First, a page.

NEUROPSYCHOLOGY AND ADHD
Neuropsychology is used to study the relationships between mental processes and brain structures. By using neuropsychological evaluation techniques such as clinical interviews, computerised tasks, and questionnaires, the neuropsychologist can identify cognitive difficulties (e.g. memory and concentration difficulties) related to ADHD or sleep disorders and develop appropriate interventions to improve the affected functions.
Several therapies are used to treat ADHD and sleep disorders. It is important to know that ADHD is a complex condition and therapies may vary depending on the severity of symptoms, age, and overall health of the patient. After establishing a personalized assessment, I work collaboratively with the patient and/or treating physician to develop a personalized treatment plan.
I use two specific therapeutic approaches: metacognition - to improve knowledge of cognitive processes - and cognitive rehabilitation, which trains, stimulates, and compensates for deficient cognitive processes with exercises.
COGNITIVE BEHAVIOURAL THERAPY (CBT)
Cognitive Behavioural Therapy (CBT) is a form of psychotherapy that aims to help patients understand and change the thoughts and behaviours that contribute to their emotional and behavioural problems. It is based on the idea that our thoughts, emotions, and behaviours are interconnected and that negative or irrational thoughts can lead to negative emotions and behaviours.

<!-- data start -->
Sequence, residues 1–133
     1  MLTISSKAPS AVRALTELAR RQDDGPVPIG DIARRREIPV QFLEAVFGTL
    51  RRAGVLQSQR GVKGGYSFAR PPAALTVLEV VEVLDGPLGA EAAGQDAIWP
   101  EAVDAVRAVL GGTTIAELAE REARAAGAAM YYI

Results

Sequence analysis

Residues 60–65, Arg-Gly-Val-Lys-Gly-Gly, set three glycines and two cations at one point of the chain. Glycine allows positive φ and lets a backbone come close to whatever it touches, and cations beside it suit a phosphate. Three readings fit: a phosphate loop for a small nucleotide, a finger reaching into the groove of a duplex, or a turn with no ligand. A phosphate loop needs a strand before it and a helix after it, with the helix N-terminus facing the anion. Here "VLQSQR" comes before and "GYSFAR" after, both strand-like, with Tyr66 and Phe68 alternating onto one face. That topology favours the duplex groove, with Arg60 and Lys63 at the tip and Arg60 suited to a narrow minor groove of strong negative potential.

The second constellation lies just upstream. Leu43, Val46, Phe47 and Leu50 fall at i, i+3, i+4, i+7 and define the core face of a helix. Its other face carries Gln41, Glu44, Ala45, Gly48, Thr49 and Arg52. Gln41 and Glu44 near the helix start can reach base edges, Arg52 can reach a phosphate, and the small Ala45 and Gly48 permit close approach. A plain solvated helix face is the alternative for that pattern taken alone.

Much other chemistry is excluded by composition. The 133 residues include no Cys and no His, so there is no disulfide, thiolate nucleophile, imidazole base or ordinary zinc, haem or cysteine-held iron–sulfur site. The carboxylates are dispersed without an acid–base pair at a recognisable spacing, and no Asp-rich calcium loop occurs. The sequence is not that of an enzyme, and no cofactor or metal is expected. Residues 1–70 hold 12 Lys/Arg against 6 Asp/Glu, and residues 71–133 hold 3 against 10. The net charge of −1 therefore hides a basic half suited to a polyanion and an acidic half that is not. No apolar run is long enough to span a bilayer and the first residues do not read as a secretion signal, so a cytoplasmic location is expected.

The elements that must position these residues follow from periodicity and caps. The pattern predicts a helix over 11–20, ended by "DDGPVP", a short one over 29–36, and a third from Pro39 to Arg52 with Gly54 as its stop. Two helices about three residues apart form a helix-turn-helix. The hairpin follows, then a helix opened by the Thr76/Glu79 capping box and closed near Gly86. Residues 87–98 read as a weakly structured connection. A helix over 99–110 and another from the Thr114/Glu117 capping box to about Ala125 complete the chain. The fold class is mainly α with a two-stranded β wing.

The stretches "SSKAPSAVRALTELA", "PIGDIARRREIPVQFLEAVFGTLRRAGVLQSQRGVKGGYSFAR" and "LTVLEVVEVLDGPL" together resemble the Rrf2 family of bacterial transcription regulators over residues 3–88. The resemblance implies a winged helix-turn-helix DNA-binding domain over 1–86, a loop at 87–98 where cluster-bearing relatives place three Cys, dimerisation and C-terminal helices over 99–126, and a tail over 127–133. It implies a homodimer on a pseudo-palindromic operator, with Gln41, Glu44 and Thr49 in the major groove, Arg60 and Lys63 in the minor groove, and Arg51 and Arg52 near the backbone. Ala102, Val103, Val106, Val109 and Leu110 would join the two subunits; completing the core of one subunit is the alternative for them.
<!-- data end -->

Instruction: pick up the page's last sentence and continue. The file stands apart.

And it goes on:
When a patient's treatment requires CBT, I use techniques such as problem-solving, exposure exercises, recognition of automatic thoughts, emotional regulation, and relearning behaviours to help replace negative thoughts (or behaviours) with more adaptive ones.
CBT is very effective in ADHD, depression, and anxiety, in particular, because it is brief and actively involves patients in their own healing process.
ACCEPTANCE AND COMMITMENT THERAPY (ACT)
Acceptance and Commitment Therapy (ACT) is a form of behavioural therapy that aims to help patients accept painful and difficult life experiences rather than struggling against or avoiding them.
If a patient's treatment requires ACT therapy, I use techniques such as mindfulness, unconditional acceptance, cognitive defusion, and patient value focus. I encourage the patient to focus on actions that are in balance with their values and to make decisions based on their long-term vision.
I particularly recommend ACT for cases of depression, anxiety, mood disorders, or substance-related disorders.
Of course, the choice of therapy used to treat a patient is individualised and determined in collaboration with the patient and/or their treating physician.